In short, “wills and estates” generally involves the body of law that governs the management of personal affairs and the disposition of property of an individual in anticipation of the event of such person’s incapacity or death. Many trusts are created as an alternative to or in conjunction with a will
and other elements of estate planning.
Did you know that the area “wills and estates” can sometimes overlap with the area that has come to be known as “elder law” that deals not only with estate planning but other issues that face the elderly, such as home care, long term care insurance, or Social Security disability benefits? willsandestats.jpg
In 2007, Harris Interactive® for Martindale-Hubbell® conducted a research study and found that for the last three years, 55% of all adult Americans do not have a will. This is a frightening number. In most jurisdictions, if there is no will, the state then determines how a deceased person’s assets and liabilities are handled.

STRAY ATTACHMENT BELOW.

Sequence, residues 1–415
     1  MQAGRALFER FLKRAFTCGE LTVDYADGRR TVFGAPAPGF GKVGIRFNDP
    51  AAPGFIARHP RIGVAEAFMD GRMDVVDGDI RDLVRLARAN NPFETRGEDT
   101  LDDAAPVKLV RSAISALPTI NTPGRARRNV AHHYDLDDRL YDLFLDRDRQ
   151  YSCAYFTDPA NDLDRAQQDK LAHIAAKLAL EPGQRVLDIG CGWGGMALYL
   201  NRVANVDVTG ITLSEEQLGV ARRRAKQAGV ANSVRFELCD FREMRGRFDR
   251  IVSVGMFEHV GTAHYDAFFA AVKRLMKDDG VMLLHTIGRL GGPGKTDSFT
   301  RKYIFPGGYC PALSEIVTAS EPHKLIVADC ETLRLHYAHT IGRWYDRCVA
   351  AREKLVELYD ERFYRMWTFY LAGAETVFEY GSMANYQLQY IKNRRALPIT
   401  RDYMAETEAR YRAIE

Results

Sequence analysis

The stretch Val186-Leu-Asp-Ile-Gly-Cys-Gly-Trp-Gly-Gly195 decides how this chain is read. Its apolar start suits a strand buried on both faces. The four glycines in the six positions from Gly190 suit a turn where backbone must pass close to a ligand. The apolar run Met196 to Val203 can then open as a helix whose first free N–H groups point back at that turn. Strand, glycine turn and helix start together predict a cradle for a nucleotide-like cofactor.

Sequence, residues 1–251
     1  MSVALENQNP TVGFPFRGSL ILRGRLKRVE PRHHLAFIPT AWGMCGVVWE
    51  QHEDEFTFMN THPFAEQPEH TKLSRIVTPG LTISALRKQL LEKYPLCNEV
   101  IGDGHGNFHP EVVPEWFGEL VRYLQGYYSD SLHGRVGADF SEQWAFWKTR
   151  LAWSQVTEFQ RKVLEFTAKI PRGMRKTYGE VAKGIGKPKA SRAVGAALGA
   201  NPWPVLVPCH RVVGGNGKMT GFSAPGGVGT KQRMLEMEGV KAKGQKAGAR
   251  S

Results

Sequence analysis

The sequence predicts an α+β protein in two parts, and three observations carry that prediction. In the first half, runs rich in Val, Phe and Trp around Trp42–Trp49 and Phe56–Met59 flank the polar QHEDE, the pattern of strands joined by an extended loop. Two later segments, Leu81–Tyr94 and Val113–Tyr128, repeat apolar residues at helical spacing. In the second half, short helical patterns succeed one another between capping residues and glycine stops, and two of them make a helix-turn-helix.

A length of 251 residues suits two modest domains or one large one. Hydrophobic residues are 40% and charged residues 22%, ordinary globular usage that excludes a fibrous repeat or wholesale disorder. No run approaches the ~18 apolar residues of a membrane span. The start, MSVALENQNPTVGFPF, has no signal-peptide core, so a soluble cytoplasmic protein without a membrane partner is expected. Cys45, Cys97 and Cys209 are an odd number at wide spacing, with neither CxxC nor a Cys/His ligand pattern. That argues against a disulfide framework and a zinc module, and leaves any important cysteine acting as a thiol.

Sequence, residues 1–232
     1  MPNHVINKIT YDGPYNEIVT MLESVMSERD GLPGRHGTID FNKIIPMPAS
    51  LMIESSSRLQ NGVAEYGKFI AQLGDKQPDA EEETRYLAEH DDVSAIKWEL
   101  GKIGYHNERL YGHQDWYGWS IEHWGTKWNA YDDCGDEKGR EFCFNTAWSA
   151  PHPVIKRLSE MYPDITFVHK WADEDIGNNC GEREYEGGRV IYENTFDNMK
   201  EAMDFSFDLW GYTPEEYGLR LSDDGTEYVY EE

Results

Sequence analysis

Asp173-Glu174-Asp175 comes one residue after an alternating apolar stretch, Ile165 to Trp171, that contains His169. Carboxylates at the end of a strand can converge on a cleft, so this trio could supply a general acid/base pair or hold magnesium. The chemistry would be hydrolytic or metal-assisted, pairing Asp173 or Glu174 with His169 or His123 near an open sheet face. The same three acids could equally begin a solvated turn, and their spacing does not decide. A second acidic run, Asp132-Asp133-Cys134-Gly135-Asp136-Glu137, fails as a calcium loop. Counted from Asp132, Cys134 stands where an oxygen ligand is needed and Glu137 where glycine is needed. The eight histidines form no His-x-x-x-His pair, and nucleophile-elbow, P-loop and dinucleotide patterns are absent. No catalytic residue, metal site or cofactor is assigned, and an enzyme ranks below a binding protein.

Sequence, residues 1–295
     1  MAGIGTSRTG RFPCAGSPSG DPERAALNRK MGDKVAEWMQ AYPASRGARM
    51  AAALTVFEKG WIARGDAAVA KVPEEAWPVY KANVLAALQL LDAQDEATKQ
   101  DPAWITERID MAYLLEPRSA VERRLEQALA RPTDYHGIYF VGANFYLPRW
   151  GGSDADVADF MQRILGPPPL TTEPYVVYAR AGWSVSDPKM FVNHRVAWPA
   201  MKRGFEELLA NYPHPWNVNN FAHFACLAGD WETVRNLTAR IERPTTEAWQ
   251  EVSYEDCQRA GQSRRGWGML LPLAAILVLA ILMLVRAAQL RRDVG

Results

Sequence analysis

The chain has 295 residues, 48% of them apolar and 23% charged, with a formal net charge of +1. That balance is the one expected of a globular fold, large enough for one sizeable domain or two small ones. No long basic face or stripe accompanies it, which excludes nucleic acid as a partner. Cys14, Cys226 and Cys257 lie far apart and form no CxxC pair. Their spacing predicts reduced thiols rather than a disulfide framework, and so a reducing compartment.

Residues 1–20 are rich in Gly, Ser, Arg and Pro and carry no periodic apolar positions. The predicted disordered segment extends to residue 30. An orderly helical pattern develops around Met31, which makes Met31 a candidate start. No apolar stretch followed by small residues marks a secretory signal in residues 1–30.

Are you prepared if something catastrophic happens to you? Is your family protected? Do you have a basic will, power of attorney and/or living will? If your answer is no, Gultanoff and Associates can help.
Do you know the answer to any of these estate law scenarios?
Your father passed away and you are the executor of his estate. He has a checking account and the bank refuses to give you any information on it. Can they withhold any information from you?
What can one do when you find that the property left to you in a will “disappears” once the executor of the estate became involved?
A lawyer is writing a will for someone, can the lawyer also be a beneficiary of that will?
How can you find out exactly who are the beneficiaries under a will?